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A pinch hit from earlweaver fan.....appropriate.

Every reader of Battersbox old enough to follow baseball in the sixties through eighties will have their own reasons for honouring Earl Weaver, one of the most wonderful personalities in baseball and among the most successful. Here are my personal top ten reasons:

1. Earl Weaver was the thinking man’s manager, long before Bill James, Billy Beane, and all the rest who have stood on his shoulders. He rejected what everyone else conventionally thought, substituting instead what he saw with his own curious eyes, and sticking with the courage of his convictions

2. Most of all, he cared intensely about worked, as he saw it. Pitching, defense, and three-run homers were famously at the heart of his success formula, and he built teams that could deliver that formula consistently, without fail. At the same time, he hated the hit-and-run, disdained the sacrifice bunt, and de-emphasized the stolen base – to his mind, they did not work. He hated giving up any of his precious 27 outs

3. As a boy in the sixties with, as yet, no Toronto Blue Jays, I decided to cheer for Earl Weaver’s Orioles, a team I could get behind, knowing they would not let me down, year in, year out. He was focussed on winning, he knew what it took to win, and he delivered a lifetime .596 winning percentage over his career, meaning that he was never fired once over his 17-year major league span

4. He was the first manager I knew about who insisted on a club philosophy about how to practice and how to play baseball at all levels in the system – all the tactical skills that every Oriole prospect had to know to make the club. Someone did not get promoted from AAA Rochester unless the basics were deeply embedded

5. His teams taught me about the power of matching genuine stars with key (niche) role players. For every Eddie Murray, Frank or Brooks Robinson, Jim Palmer, Dave McNally, or Boog Powell, he had many like Mark Belanger, Bobby Grich, Tippy Martinez, or Elrod Hendricks who were critical pieces carefully selected and combined for the team to prepare for any eventuality both in-season and in post-season play

6. His teams delivered wonderful achievements – e.g., getting much stronger down the stretch after September 1 than up to that point or the 30 gold gloves. My favourite was the special time when Jim Palmer, Dave McNally, Pat Dobson and Mike Cuellar all won 20+ wins in the 1971 season. Sure, W-L is not that meaningful a stat for any one pitcher, but we may never see its like again for four pitchers on one team in one season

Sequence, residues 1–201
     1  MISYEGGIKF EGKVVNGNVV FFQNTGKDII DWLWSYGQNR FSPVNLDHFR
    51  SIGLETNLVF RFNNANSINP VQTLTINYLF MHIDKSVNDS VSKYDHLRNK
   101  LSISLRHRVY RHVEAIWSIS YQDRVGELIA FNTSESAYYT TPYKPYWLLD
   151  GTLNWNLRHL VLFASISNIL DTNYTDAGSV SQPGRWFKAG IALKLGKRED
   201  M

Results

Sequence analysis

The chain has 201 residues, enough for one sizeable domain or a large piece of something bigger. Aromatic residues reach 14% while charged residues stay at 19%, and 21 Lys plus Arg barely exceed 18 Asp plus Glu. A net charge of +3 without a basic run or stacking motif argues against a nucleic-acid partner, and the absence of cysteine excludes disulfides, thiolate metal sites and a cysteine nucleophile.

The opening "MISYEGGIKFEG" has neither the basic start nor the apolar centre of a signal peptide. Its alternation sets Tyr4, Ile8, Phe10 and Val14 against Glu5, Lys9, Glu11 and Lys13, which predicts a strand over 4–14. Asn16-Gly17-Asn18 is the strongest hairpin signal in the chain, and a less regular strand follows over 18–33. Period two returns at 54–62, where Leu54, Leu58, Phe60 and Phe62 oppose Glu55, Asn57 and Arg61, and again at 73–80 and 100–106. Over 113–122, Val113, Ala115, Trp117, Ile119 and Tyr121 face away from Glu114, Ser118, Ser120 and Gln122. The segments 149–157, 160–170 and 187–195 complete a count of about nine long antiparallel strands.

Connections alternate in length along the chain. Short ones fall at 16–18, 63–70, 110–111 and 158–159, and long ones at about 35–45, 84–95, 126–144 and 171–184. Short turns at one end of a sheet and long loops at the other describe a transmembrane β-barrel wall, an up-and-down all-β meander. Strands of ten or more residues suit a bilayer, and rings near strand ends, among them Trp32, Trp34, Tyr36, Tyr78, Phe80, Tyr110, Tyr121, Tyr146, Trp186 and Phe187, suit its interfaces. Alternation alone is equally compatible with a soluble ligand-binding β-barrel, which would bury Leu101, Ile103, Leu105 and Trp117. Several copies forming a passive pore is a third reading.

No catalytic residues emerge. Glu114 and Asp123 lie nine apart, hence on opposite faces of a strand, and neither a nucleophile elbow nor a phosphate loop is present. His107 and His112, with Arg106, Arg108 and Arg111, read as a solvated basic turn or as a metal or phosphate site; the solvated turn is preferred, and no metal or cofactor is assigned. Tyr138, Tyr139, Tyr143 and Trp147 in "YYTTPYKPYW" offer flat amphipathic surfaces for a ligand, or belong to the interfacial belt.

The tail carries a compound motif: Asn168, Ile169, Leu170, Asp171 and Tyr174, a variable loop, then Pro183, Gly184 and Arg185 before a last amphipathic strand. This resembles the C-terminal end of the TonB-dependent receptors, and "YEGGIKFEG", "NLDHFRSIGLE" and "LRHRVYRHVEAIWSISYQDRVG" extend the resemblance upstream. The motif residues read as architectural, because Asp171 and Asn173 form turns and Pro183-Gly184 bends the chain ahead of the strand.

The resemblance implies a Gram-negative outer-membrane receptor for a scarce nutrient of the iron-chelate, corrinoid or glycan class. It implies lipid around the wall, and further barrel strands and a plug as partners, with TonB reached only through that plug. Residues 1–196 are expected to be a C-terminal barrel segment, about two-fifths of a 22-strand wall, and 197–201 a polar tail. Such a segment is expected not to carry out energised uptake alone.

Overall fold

7. He was a guy with a famous temper with umpires or with a player that made him mad, but when it counted, he had great patience. Many is the year when he would have one of his most reliable players (especially relievers) start the year poorly, and he just kept putting him out there. He knew this guy would come around and he knew he would need to depend on him later in the year. He got the results he expected

8. Way back then, he loved making use of statistics – most of all, knowing whom each of his batters and pitchers performed well against. Today, the available tools would be so much richer and deeper, but he had great success managing the match-ups of his players to specific opponents, and managing the platoons that took best advantage of players’ strengths

9. He knew how to motivate players – not by being their friend, but by setting high expectations and insisting on them. He rarely spoke to his best players through the year. He never wanted to be inhibited from pulling a player in the moment, if the team required it

10. For Earl Weaver, the success of the team was everything. It was no coincidence that his teams were filled with quiet professionals who led by example. He created an environment where any new players who joined the team found themselves surrounded by those who expected to win, which became a recurring – and self-fulfilling – prophecy.

He was quite a guy. I will always be a total fan. Chances are, if you read Weaver on Strategy, you will be too.


Thank you to earlweaverfan

R.I.P. Earl Sidney Weaver (August 14, 1930 – January 19, 2013) | 9 comments | Create New Account
The following comments are owned by whomever posted them. This site is not responsible for what they say.
Richard S.S. - Saturday, January 19 2013 @ 08:28 PM EST (#268123) #